The Rules of the Lord are True and Righteous Altogether
By Zach Dietrich
“Your righteousness is an everlasting righteousness, and your instruction is true” (Psalm 119:142).
“What is truth?” That question has haunted humans both before and after Pilate asked it to avoid the Lord Jesus Christ.
Is truth only what is observable and measurable? Take gravity, for example. Or, are there truths that cannot be measured in a laboratory but are nevertheless true? Think of the deity of Christ or the sinfulness of humanity.
Jesus said God’s word is truth in John 17:17. What does it mean that God’s word is truth?
While most of us don’t follow philosophers as they debate the nature of truth, we can’t escape the question. Have you ever heard someone say, or perhaps even repeated yourself, “True for you, but not for me?”
Or, even if you never watched Oprah, the queen of mantras, you’re probably familiar with her call to “speak your truth.” So, what is truth?
One thinker who has helped me guard against cultural attempts to confine or redefine truth is Nancy Pearcey in her book, Total Truth.
Pearcey, following thinkers like Francis Schaeffer, outlines several truth-undermining dichotomies in the introduction to her book. Understanding these dichotomies can be helpful. Here is a brief summary:
Brain vs. Heart
Too many people, even Christians, have come to believe there is a divide between the heart and brain. The heart is for religion. The brain is for science.
But, Pearcey says, “We have to reject the division of life into a sacred realm, limited to things like worship and personal morality, over against a secular realm that includes science, politics, economics, and the rest of the public arena. This dichotomy in our own minds is the greatest barrier to liberating the power of the gospel across the whole of culture today” (p. 20).
Private vs. Public
The heart/brain divide ends up expressing itself in modern society as a divide between public and private. Public institutions are “scientific,” while private (think family and church) is where “preferences” reside. This divide is used to relegate religion to the sidelines of society.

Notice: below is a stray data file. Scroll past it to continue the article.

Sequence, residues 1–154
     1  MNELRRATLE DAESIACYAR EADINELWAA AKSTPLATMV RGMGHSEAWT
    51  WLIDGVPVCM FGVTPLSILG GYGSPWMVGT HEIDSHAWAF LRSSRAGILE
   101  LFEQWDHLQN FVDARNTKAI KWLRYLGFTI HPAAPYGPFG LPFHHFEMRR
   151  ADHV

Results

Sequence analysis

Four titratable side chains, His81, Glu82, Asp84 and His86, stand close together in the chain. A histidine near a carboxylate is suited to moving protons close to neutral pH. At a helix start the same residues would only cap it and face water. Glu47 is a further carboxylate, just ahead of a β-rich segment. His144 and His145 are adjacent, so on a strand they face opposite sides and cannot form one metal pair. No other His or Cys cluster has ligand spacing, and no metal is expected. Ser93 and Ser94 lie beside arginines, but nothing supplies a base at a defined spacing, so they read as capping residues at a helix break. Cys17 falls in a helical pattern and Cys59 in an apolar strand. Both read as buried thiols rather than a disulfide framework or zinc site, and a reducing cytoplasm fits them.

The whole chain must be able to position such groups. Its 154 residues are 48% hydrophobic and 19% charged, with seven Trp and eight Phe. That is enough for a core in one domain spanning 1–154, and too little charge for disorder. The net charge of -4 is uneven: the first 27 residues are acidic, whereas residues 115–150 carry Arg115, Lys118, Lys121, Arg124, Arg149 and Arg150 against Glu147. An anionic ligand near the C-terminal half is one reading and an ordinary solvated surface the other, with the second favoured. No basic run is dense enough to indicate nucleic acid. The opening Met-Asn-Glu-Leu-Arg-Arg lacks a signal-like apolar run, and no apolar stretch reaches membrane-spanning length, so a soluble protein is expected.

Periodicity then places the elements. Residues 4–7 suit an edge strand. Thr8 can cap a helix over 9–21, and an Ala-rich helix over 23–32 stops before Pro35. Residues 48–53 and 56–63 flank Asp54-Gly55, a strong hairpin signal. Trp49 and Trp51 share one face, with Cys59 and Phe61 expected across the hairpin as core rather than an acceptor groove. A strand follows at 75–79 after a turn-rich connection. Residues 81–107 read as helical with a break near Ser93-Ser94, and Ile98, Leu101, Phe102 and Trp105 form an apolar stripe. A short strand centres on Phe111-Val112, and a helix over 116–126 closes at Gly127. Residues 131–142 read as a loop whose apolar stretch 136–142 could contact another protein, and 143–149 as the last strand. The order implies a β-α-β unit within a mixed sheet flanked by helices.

Facts vs. Value
A third way to describe the dichotomy is the fact/value split. “Religion,” Pearcey writes, ”is not considered an objective truth to which we must submit, but only a matter of personal taste which we choose” (p. 20).
The result of these dichotomies is a divided concept of truth, both in our world and often in Christian thinking as well. Facts are rational and binding on everyone, but values are nothing more than individual choice.
Christians, who may recognize the danger of the brain/heart and private/public dichotomies, can often fall prey to the fact/value divide.
For example, is the statement “abortion is wrong” a fact or a value? More and more Christians would say this statement, and ones like it, is a value – not actually a fact.
Why does this matter? Pearcey concludes, “The reason it’s so important for us to learn how to recognize this division is that it is the single most potent weapon for delegitimizing the biblical perspective in the public square today” (p. 21). But, even as we are concerned about the public square, we must first define truth correctly at home and in the pew.
Gravity is true. Newton’s third law is true. 2 + 2 = 4 is true. But, “God is holy” is also true. And, “You shall not murder” is true.
We must not become captive to the thinking that our faith is merely a religious truth, divorced from our brains or the public. It is, as Pearcey says, total truth.